Month: February 2017

Private goods vs. investment capital

In an earlier blog, I discussed how I think we need a mixed economic system (although I did not call it that; I hope to make another posting soon discussing in detail what I mean by this term), in which goods are private, but investment capital is heavily taxed and used to fund a basic income.

I think what I meant might be self-evident to some. However, I want to give two examples here of the difference between a ‘private good’ and an ‘investment.’ It is not as simple as what an object of possession is. Rather, it is the manner in which it is used.

Let us consider if I own a house. If I live in the house with my family, or let my friends use it or visit it, or if I use it for vacations, then it is a private good. It becomes an investment when I begin using it for the purpose of making a profit, for example, by renting it out.

As a second example, suppose that I own a plot of land. If I use it to go camping on vacation, that is a private good. If I charge other people to use it for camping, it becomes an investment. If I sell the logging or mineral rights, it becomes an investment.

I hope that helps clarify what I meant. Of course, there are subtleties, like the fact that automobiles could be used sometimes for private uses and sometimes as investments, but those are the kinds of details that I think are best left to the politicians and economists who implement these general principles to figure out.



What is freedom?

Thesis: To be free, the individual must not only be free from legislation that interferes with their autonomy over themselves; they must also be free from certain forms of social coercion, if necessary by legislating against such social coercion.

To the libertarian, freedom means freedom from legislative control, or governmental control. This is, of course, a very important aspect to freedom. However, I argue that it is only one aspect to being free. I will address this perspective first. However, there are also, ironically, democrats/leftists who argue essentially the same – and I wish to argue against their perspective, as well.

Let us begin with the libertarian side. Now, I am an individualist. I believe the individual should be autonomous over themselves, and that we should strive to help each individual to improve and advance themselves as much as possible, or to give them the opportunity to do so. However, this cannot mean simply saying that the government is to be disallowed from infringing upon individual freedoms. That is an important part of freedom, yes, but it really cannot be the entirety of it. Okay, yes, it could be part of a self-consistent philosophy – but not a philosophy of freedom for the individual.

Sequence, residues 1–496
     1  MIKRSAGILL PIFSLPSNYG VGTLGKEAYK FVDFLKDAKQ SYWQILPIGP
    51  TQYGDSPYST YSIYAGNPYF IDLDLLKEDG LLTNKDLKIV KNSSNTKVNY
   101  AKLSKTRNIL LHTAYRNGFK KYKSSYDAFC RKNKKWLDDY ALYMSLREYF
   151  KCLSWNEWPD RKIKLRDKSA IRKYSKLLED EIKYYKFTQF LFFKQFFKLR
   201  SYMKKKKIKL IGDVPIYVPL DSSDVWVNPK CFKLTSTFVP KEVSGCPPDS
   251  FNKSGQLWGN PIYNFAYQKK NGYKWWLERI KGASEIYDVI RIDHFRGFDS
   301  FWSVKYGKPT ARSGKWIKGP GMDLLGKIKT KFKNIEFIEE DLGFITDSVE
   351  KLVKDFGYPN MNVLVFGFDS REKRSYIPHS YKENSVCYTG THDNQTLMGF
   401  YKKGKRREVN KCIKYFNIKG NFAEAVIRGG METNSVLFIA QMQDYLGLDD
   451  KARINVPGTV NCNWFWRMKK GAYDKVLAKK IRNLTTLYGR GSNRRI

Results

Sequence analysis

The problem is that freedom from government, or legislative, interference, is merely one part of individual freedom. In fact, governmental interference is merely one type of social coercion. Let us consider an illustration of another type. Suppose that an homosexual person is living in a purely libertarian society. Suppose also that this society is filled with conservative christians and muslims, who decide that they will refuse to do business with this person. If every other person in the society refuses to do business with them, they will be unable to work or buy food or shelter, and will starve to death.

I have heard people defend this, by saying that freedom does not mean freedom from consequences, only from legislation. Which is certainly a point of view. However, legislated consequences are just one form of consequences. After all, anyone can break the law; they merely may face consequences from the police and the courts. So why should we say society cannot impose consequences via legislation, police, and courts, but can impose consequences by making it impossible for an individual to survive?

Such a thing does not necessarily even require a large percentage of society to shun the individual. It can even enable coercion that is, in theory, illegal. For example, forced marriages are illegal in many western nations. However, in practice, if the family of a person controls their source of income, they can impose heavy social coercion on that person by threatening to cut off their ability to survive.